They cooked up nicely on the stovetop, too- crispyish on the outside and mushy (creamy?) on the inside. We served them with melted cheddar, salsa, tomatos and lettuce. Kid rating was a double-thumbs-up- Birdy ate her whole sandwich (which is the ultimate kid test).
My only issue is that I wonder about the suitibility for "shelf storage" since it relies on buns (which, technically I could make- you know, if they have a "hamburger bun" recipe for the bread machine). However, I think for the practical purposes of the 3 month supply, it gets a "pass".
On Saturday we went to the zoo. We have a new commitment to NOT eating out, so we decided it was a perfect opportunity to bust out the Chicken Salad recipe (also from Safely Gathered In) and give it a try (Pic from Safely Gathered In- not mine):
I only became a Chicken Salad sandwich fan recently, and have been pretty committed to a great recipe that my sister found on one of my favorite recipe sites, Allrecipes.com. It is awesome, but definately not food-storage friendly.
We really enjoyed this chicken salad. The canned chicken suprised us again by being really good. The craisins gave it a great shelf-stable sweetness and the toasted almonds provided the crunch. Our only complaint was that it seemed a bit dry and we had to add a good 1 1/2 extra tablespoons of mayo. The girls also thought it was great and ate up their whole sandwiches while watching the rhinos.
So now our total is up to 4 recipes and we have started shopping and collecting ingredients. I'm curious, readers, shall I continue these reviews? Are you interested? Do you care? Do you want me to just send you our final list/recipes?
Let me know in the comments!~
Thursday, April 2, 2009
In order to build our list of 15 dinners to help us on our goal of having a 3 month supply of food we actually eat, we decided to "audition" 2 recipes a week for the next little while.
The first one we tried was Coconut Curry Chicken and rice courtesy of Safely Gathered In.
This one was a total winner. It was our first time ever using canned chicken in any way, and we were suprised at how good it was, and how the texture worked with this recipe. The sauce turned out kind of salty, but it was OK when you mixed it with the rice. I think the saltiness could have been the cheap-ish spice mixes we used- we'll have to try another.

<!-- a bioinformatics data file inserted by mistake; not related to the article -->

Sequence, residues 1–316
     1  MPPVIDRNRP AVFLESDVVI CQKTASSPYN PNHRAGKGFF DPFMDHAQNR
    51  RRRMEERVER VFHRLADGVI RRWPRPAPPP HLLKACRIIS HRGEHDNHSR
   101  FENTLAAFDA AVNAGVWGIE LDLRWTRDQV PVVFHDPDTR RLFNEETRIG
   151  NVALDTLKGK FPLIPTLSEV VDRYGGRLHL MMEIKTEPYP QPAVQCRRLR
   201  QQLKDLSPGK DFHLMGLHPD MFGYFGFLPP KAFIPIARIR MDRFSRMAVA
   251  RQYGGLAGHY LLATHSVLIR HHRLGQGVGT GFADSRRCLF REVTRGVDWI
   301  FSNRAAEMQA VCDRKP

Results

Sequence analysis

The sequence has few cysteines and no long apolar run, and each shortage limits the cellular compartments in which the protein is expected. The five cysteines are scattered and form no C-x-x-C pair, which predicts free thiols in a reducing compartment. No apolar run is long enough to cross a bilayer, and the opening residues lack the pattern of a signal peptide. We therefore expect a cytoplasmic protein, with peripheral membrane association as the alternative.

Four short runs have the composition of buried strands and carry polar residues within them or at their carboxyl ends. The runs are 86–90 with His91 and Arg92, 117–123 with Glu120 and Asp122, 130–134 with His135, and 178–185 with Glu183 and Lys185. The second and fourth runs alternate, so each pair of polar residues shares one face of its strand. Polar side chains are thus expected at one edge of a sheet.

I think the "eatability" of this dish outweighs the fact that coconut milk is kind of expensive and it uses some "uncommon" spices that, from a food-storage perspective, will likely only be used for this recipe (vs garlic, rosemary or other more universal stuff). But one bottle of each of the spices will likely see us through the 6 times we are planning to make it. Since we were "rotating" (internet food storage blog speak for just making something to use up your supply, I've learned) we added peas and the sweetness, color and texture really made this extra-yummy and added some more veggie power. This one also got a high "kid rating". EJ gobbled it up and asked for seconds (something she never does). Birdy was just ticked that I "sprinkled" her rice and "ruined" it so it is hard to say what she would have thought if she had decided to try it.
Next we made the Pasta and Garbanzo Bean soup, also from Safely Gathered In.
This one is probably a keeper, but less of a slam dunk than the Coconut Curry Chicken. since we were "rotating" and I love to add veggie power wherever I can, we dumped a bag of frozen peas and carrots in and it turned out nicely.
It was nice to have the convenience of a crock-pot recipe, and the taste was awesome, but I think before we add this to the "keeper" pile, we'll make a few changes. First, the texture wasn't that great- part of that was our fault because the garbanzo beans were undercooked- but I think that the water-to-stuff-that-soaks-up-water is low- the soup was thick the day we made it, and the next day it was about the texture of refried beans. Not really the best, but we added some water and that made it work again.
I think I'd like to try this one again and substitute lentils or barley for the orzo- just to give it more of a nutritional boost. I think we'll also try canned garbanzo beans- I think they will make for a better and less grainy texture. So I think after one more try, this one will be a keeper because the taste really is great! The "kid" rating on this one was also high- EJ asked if we could "eat it every day" and Birdy ate most of her bowl- unheard of for soup.
So we basically have 2 down, and 13 to go! I'd love any recipes you might have that are "shelf stable" or easily adapted. We are focusing on main dinner dishes first, and then we'll stock up on canned fruit and veggies and lunch and then we'll probably work on breakfast stuff last. I think it would be fantastic to have a full 3 month supply- breakfast, lunch and dinner including sides- but I think it is more realistic to focus on small goals first :)